Parboil and slice mutton or lamb kidneys. Fry brown in bacon fat and serve on dry toast with the bacon.
Parboil, drain, wipe, and cut into dice. Cook five minutes in boiling water, drain, add a small onion, grated, a pinch of sage, and a cup of water. Bring to the boil once more, add a pinch of salt, and two hard-boiled eggs, cut fine. Thicken with one tablespoonful of cornstarch, rubbed smooth in a little cold water. Serve on toast.
KIDNEYS À LA TERRAPIN
Parboil, drain, wipe, and cut into dice. Reheat in cream sauce, to which hard-boiled eggs, cut fine, and minced parsley are added. Serve on toast.
KIDNEYS — MAITRE D'HÔTEL.
Use veal or lamb kidneys. Plunge for an instant into boiling water, skim out, and wipe dry. Split down the middle without cutting through, skin, and run a skewer through each to keep flat. Broil as usual. When brown, re. move the skewers, lay on a hot platter, pour over melted butter, add a squeeze of lemon-juice, and sprinkle with chopped parsley. Kidneys and liver must be cooked very quickly, as long cooking makes them tough.
LAMB WITH POACHED EGGS
Chop cold roast lamb very fine. Season with salt, pepper, and a bit of mint. Reheat in the gravy, or in water, adding a little butter, or in a cream sauce. Spread thinly on thin slices of dry buttered toast, slip a poached egg on each slice, and serve at once, sprinkled with pepper and minced parsley.
Cut the liver in thin slices, cover with olive oil, and soak half an hour. Drain, season with salt and pepper, dip in crumbs, and broil. Finish as for Broiled Kidneys.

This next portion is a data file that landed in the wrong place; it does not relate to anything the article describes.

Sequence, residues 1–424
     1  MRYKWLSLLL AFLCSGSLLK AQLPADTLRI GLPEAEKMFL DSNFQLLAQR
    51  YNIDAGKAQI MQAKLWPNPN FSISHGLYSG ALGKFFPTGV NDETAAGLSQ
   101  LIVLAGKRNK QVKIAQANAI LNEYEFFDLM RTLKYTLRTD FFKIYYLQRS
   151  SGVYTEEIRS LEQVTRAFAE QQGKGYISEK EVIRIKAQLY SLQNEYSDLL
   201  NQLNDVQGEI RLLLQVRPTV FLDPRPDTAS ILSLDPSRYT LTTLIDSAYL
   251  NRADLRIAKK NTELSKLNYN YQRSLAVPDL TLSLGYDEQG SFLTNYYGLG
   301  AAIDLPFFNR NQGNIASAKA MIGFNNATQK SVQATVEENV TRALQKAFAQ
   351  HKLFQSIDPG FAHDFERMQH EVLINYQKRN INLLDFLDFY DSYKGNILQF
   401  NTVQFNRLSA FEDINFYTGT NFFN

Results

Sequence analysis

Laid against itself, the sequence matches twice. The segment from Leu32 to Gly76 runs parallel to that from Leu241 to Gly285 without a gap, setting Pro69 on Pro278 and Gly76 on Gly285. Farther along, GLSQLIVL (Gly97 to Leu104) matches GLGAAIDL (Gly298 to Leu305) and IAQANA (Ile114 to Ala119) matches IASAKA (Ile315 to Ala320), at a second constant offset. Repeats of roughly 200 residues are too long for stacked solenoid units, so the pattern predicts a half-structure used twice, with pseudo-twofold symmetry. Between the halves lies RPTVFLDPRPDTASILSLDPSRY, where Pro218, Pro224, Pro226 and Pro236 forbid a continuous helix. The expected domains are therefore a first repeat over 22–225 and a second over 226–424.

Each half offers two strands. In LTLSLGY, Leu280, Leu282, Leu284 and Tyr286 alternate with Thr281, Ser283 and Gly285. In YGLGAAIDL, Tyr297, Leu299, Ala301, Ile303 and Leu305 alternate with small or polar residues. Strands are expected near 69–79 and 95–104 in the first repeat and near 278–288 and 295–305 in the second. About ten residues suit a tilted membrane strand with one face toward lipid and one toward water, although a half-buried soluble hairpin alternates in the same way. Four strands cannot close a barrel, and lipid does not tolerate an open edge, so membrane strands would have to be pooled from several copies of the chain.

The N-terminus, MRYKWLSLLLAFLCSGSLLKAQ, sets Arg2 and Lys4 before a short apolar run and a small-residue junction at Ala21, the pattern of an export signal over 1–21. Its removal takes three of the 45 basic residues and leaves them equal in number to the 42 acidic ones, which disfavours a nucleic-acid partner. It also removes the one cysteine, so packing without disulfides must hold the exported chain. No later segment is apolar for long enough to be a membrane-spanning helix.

LIVER AND BACON
Cook the bacon first, skim out, and put the slices of liver, dredged with flour and seasoned with salt, into the hot fat. Cook very quickly.
À LA CRÉME
Parboil calf's liver, drain, wipe, and cut into dice or chop coarsely. Reheat in a cream sauce, seasoning with salt and pepper. Minced parsley, lemon juice, or finely cut capers may be added to the sauce. Serve on toast. Cold cooked liver may be used in this way.
Equal parts of cold cooked liver and cold potatoes, cut fine. Reheat in a frying-pan, adding butter and boiling water as necessary. Almost any cold cooked meat may be used in this way.
Butter a shallow baking-dish, pile in the hash loosely, smooth the top, dot with butter, and bake until brown and crisp. Turn out on a platter or serve in the dish, a fresh napkin or a paper frill being arranged around the dish.
Chop cold cooked liver fine. Reheat in a very thick cream sauce, well seasoned. Cool, shape into small flat cakes, dip in egg and crumbs, and fry brown.
AND BACON BALLS
Cold cooked liver cut fine and half as much cooked bacon, chopped. Shape into small fiat cakes, using a raw egg to bind if necessary. Dip in egg and crumbs and fry brown.
AND RICE BALLS
One cupful of cold cooked rice, one cupful of finely chopped cooked meat, — any kind, or several kinds, — a pinch of salt, a dash of pepper, two tablespoonfuls of butter, half a cupful of milk, and one egg. Put the milk on to boil, add the rice, meat, and seasoning. When it boils, add the egg, well beaten, and stir one minute. Take from the fire, cool, form into small fiat cakes, dip in egg and crumbs, and fry brown. May be prepared the day before using.
Cut in thin slices, freshen in cold water gradually brought to the boil. Drain, wipe, trim off the rind, roll in flour, and fry. When brown, put on a hot platter and make a cream sauce, using the fat in the pan. FRIED salt pork with cream sauce poured over it is a venerable New England dish of some three centuries' standing.